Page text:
And I’m learning what it means to be “again in labor” as I watch my mother (and my father) persevere in seeing Christ formed in me and in my siblings.

All of those things about courage and perseverance and trusting for grace for this moment and not dwelling on how long that last labor was — all of those things, I see them doing still.

I’m learning that the ecstatic moment when you hear, “It’s a girl/boy!” is only the start of a life of laboring.

I’m learning that “I can’t do this anymore!” needs to be swiftly met with those scripture cards I wrote out for labor. He makes me able.

I’m learning to labor alongside. I’m learning that just as I am strengthened by my sisters and friends in a circle around my bed, wetting my sweaty forehead, rubbing my feet, whispering and cheering — so we strengthen one another as we each labor to see others come to maturity in Christ.

I’m learning that personal expectation and desires and any selfish grasping must be done away with. Just as I surrender my body to bring forth a baby, so we lay down our lives — our time, our energy, our money, our everything — to see people find Jesus and His purposes.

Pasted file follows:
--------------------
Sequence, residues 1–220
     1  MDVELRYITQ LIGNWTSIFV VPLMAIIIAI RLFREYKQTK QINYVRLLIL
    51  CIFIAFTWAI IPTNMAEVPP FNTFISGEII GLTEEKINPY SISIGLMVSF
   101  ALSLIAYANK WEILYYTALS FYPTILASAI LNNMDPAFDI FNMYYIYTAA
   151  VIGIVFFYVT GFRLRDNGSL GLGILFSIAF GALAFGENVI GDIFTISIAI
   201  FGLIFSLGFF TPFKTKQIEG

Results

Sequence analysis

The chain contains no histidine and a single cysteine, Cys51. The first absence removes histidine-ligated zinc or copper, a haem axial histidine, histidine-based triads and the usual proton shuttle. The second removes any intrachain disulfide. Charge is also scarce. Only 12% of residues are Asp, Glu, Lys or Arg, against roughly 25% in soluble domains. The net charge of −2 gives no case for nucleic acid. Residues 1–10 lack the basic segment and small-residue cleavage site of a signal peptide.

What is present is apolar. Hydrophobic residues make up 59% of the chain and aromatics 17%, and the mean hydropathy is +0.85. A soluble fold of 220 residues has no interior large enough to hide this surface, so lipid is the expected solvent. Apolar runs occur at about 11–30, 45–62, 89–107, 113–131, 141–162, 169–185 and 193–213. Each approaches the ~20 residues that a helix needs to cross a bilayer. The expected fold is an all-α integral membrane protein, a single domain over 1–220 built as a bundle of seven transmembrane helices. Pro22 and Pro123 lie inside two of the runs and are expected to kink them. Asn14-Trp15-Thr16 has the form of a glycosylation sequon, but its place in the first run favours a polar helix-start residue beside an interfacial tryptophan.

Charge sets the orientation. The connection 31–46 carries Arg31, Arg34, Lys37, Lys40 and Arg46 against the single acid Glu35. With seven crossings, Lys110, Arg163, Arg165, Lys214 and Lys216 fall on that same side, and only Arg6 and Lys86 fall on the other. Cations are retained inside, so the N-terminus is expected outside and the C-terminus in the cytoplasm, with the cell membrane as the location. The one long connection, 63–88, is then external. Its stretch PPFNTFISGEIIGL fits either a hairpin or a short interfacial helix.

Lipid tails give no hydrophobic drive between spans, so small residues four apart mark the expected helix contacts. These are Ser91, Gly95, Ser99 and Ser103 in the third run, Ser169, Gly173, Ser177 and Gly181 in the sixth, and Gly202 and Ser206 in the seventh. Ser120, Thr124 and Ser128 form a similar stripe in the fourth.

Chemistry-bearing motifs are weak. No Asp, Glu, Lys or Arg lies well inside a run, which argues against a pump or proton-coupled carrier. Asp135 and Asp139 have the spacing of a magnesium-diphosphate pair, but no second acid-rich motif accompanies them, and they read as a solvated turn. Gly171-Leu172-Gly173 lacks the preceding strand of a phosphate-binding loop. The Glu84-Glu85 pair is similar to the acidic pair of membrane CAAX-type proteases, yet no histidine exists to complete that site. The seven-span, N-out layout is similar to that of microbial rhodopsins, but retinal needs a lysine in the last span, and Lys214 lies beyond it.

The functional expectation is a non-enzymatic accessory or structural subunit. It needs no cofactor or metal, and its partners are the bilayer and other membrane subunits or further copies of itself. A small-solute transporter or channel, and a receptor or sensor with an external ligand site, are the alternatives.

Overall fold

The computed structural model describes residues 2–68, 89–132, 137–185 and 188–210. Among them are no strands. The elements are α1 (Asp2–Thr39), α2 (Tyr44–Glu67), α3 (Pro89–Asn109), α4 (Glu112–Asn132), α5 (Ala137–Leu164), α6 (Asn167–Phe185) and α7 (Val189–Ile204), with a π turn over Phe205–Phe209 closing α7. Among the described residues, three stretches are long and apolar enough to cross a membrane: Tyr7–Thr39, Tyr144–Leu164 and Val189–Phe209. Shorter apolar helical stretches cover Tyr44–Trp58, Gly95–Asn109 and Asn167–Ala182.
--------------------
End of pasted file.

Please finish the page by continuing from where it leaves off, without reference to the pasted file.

I’m learning what incredible joy it is to labor and pray and persevere alongside and then see someone dear be set free, fall in love with Jesus even more, set their hearts completely on Him.

Because this: “I have no greater joy than this, to hear of my children walking in the truth.”


“It’s a girl/boy!” isn’t the end.

Neither is their 18th birthday, or high school graduation.

It’s not over until Christ is formed in them. (Yes, that’s a life-long labor we’re talking about.)

This is parenting that all believers are called to — married, single, childless — all.


When the contractions keep coming, and you wonder how much longer, and no one can tell you?

There’s this:

“Do not be deceived, God is not mocked; for whatever a man sows, this he will also reap. For the one who sows to his own flesh will from the flesh reap corruption, but the one who sows to the Spirit will from the Spirit reap eternal life. Let us not lose heart in doing good, for in due time we will reap if we do not grow weary.” –Galatians 6.7-9

from Loving the Little Years

ecclesiastes 5.19:

Everyone to whom God has given wealth, and possessions, and the power to enjoy them, and to accept his lot and rejoice in his toil—this is the gift of God. For he will not much remember the days of his life because God keeps him occupied with joy in his heart.